Reading and spelling abilities in children with severe speech impairments and cerebral palsy at 6, 9, and 12 years of age in relation to cognitive development: a longitudinal study.
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Dev Med Child Neurol 48 (8): 629--634 (August 2006)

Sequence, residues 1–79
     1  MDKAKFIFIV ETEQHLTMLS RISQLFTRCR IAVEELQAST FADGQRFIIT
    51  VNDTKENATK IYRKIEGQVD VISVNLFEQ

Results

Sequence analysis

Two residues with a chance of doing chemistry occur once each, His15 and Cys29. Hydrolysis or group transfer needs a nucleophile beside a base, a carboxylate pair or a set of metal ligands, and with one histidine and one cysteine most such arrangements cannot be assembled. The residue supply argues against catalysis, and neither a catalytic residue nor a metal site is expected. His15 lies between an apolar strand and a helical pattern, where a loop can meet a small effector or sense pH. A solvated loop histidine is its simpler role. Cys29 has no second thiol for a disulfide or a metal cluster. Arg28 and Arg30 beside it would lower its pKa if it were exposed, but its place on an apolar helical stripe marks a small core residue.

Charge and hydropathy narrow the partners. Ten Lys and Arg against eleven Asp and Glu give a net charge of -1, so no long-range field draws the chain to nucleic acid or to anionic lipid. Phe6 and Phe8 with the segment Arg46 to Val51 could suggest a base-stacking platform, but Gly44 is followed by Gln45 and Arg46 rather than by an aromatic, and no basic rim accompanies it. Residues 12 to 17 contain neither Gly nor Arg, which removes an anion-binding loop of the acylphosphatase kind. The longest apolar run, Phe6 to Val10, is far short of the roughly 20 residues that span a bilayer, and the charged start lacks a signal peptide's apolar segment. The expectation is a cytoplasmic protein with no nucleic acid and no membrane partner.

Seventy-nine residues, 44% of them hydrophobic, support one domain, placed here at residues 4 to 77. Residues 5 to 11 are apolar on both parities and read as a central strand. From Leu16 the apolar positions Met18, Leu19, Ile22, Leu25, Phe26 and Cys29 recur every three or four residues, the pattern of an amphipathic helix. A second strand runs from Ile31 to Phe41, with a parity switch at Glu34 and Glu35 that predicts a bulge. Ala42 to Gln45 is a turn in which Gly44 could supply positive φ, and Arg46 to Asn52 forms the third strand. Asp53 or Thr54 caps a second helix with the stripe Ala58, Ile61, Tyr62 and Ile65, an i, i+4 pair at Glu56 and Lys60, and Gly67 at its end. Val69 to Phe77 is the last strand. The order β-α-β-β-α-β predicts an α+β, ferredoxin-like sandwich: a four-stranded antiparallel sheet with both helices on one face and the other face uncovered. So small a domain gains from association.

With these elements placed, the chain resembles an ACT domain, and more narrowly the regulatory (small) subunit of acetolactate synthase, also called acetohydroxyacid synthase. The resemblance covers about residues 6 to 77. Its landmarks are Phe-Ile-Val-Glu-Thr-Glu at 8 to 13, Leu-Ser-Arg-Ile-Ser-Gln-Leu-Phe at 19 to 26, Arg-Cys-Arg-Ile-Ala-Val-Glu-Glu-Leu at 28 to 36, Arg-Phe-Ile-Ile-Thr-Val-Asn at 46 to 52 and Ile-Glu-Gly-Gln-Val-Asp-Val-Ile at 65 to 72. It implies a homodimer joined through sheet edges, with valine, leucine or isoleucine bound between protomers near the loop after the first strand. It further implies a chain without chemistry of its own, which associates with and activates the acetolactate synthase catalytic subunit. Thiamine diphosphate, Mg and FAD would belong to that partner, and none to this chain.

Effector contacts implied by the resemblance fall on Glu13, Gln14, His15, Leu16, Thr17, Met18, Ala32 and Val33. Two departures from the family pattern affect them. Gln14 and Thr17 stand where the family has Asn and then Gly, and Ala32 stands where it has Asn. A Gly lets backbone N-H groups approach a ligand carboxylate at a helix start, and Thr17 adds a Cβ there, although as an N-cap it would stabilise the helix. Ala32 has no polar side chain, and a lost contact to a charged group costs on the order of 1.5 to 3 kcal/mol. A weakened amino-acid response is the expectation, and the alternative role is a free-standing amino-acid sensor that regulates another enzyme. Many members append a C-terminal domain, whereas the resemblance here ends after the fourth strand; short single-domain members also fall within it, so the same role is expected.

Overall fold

Development of literacy skills was studied in six children (one male, five females) with severe speech impairments and cerebral palsy (CP). These skills were related to intellectual development, phonological abilities, and short-term memory. Three of the children were diagnosed with dystonia, and three with diplegia. They had no, or severely restricted, independent mobility (Gross Motor Function Classification System Level IV for four children and Level V for two), and severe fine motor problems, including difficulty with pointing. As they had no intelligible speech, the Bliss system was the primary communication mode. Assessments were made at approximately 6, 9, and 12 years of age. The results revealed that the children had difficulties acquiring literacy skills, although intellectual level and phonological ability predicted otherwise. Positive development during the first 3 years was followed by an arrest. A conspicuous decrease in IQ points was also found. Thus, phonological ability does not seem to have the same predictive power for literacy development in children with severe speech impairments and CP as in typically developing children. Further studies are needed to clarify the role of phonological abilities, working memory, and strategies used in literacy acquisition in these children. Such studies might also clarify the importance of articulatory abilities in early literacy acquisition.
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